This Is My Favourite Picture...
My dad, who is third from the left, was a great man...and, he is dead. But, not a day goes by that I don't think about some of the wisdom (and pithy sayings) that he offered The Lifeguard on a near daily basis.
He always used to say that I was not afraid of hard work. "Son," he would say, "you could lay down beside it and go to sleep."
On work, he noted that "if work were fun, it wouldn't be called work." In fact, he believed that the natural order of things should be that every person should get to have their retirement from the age of 22 (after finishing college; or, just as important, military service) to the age of 32. The government would pay you Social Security, and you could fuck off to your heart's content. But, at the age of 32, you went to work...where you stayed 'til you died. Too many people, he noted, worked their entire lives only to die before they could enjoy the fruits of their labours.
He observed that, "Manual Labour is not the President of Mexico."
That, "If you needed a day's work, get a boy. If you needed half a day's work, get two."
Or, "The only thing that you can do well with gloves is piss your pants."
On religion, he thought that if you weren't going to actively participate in the activities in your church, you should go and play golf. He was a member of the Church of the Seventh Green; and, he celebrated the glory of God, upon his retirement, on the golf course at least five times a week.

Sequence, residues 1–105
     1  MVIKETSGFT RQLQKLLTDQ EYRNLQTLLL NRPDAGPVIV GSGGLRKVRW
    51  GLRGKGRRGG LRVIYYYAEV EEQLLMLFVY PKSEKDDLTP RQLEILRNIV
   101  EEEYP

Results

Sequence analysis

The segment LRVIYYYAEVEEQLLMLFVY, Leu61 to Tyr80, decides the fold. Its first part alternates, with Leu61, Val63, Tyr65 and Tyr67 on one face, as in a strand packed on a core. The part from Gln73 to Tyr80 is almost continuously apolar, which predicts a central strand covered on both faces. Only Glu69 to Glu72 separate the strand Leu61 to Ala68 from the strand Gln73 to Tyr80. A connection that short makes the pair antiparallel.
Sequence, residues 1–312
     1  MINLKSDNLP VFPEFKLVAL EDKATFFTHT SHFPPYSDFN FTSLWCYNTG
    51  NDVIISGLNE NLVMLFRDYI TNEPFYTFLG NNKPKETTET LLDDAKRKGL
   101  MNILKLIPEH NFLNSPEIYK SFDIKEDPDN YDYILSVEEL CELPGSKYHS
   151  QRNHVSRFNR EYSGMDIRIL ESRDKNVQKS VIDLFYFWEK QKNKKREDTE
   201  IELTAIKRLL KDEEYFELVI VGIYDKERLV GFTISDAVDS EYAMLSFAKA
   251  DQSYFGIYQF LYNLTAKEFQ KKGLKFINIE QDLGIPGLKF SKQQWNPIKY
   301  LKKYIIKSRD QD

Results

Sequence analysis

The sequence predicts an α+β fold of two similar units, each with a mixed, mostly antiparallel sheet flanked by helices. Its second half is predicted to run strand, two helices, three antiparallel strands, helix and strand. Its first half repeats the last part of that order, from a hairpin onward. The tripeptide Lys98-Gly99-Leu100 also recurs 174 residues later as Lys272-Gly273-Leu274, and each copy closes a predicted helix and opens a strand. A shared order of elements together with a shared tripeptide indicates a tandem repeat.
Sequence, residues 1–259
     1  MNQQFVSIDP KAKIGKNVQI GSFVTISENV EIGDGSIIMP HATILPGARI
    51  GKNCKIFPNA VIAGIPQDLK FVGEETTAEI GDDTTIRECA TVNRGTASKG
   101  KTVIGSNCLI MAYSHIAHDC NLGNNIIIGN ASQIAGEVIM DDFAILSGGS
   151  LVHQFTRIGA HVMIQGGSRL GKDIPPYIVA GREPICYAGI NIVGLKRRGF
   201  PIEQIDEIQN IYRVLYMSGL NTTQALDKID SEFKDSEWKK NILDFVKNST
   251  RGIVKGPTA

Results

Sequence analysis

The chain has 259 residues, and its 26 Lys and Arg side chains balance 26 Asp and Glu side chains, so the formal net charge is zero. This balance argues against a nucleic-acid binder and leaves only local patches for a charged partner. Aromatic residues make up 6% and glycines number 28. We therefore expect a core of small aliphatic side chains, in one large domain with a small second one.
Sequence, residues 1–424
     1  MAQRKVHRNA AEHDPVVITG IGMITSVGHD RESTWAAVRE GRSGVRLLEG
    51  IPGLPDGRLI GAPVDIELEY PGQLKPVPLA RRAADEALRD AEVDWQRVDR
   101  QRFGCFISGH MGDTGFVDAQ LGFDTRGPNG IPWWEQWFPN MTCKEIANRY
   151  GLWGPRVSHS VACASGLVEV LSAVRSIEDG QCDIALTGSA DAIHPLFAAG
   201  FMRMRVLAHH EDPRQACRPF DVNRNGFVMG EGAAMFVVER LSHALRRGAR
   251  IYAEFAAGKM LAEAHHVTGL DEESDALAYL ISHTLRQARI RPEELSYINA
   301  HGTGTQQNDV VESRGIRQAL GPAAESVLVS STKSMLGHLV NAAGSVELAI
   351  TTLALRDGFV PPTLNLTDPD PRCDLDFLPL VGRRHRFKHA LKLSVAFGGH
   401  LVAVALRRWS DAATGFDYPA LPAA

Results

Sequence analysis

Of Hell, he said that, "At least I'll be warm, and all of my friends will be there."
He recommended a healthy amount of Scots Whisky daily; and, he enjoyed the occasional Cuban (cigar, you sickos). "No one ever died from having a whisky and a Cohiba (or Romeo Y Julietta)," he would say. And, when The Lifeguard was teeing up the ball, he would offer his support (especially if we were playing a $5.00 Nassau, and there was a press on):
"Don't shank it," he would say.
"Dad, we're on the same team," I would respond.
[Shanking the ball.] "Fuck!"
"I told you not to shank it," he would offer.
He was a man who was larger than life. He survived polio, a World War, a couple of plane crashes, and a car accident that would have killed a lesser man. He was full of a humble swagger that was admired by many (and owned by few).
He didn't have a favourite book, song, or movie. He loved living. He could solve the world's problems before 0700; and, shoot an 83 before noon. In the afternoon, he would be the referee in a sporting event. At night, he'd solve the problems of the world that had arisen since last he'd solved them.
I never knew how much my dad knew until I realised just how little I knew.
And, as the seventh anniversary of his death approaches, I think about his life, his love.
He was a great man; and, if The Lifeguard can be half as good as him, The Lifeguard will be a great man, too.
God bless you, Big Bob.